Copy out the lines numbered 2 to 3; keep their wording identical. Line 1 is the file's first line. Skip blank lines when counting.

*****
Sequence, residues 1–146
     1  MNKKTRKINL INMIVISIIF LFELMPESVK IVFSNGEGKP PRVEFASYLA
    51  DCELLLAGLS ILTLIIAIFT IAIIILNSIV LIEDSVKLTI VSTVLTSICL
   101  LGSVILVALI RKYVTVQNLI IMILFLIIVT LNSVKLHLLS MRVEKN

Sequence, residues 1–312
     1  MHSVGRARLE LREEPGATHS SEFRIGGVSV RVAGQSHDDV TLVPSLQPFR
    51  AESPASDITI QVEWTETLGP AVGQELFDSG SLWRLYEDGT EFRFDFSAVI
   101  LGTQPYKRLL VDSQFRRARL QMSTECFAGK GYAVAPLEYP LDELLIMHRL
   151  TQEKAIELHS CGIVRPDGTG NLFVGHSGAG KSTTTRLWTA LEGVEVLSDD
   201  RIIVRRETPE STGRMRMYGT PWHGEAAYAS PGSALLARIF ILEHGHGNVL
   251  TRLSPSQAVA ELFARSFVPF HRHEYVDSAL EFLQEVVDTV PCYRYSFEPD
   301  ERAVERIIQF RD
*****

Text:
     1  MNKKTRKINL INMIVISIIF LFELMPESVK IVFSNGEGKP PRVEFASYLA
    51  DCELLLAGLS ILTLIIAIFT IAIIILNSIV LIEDSVKLTI VSTVLTSICL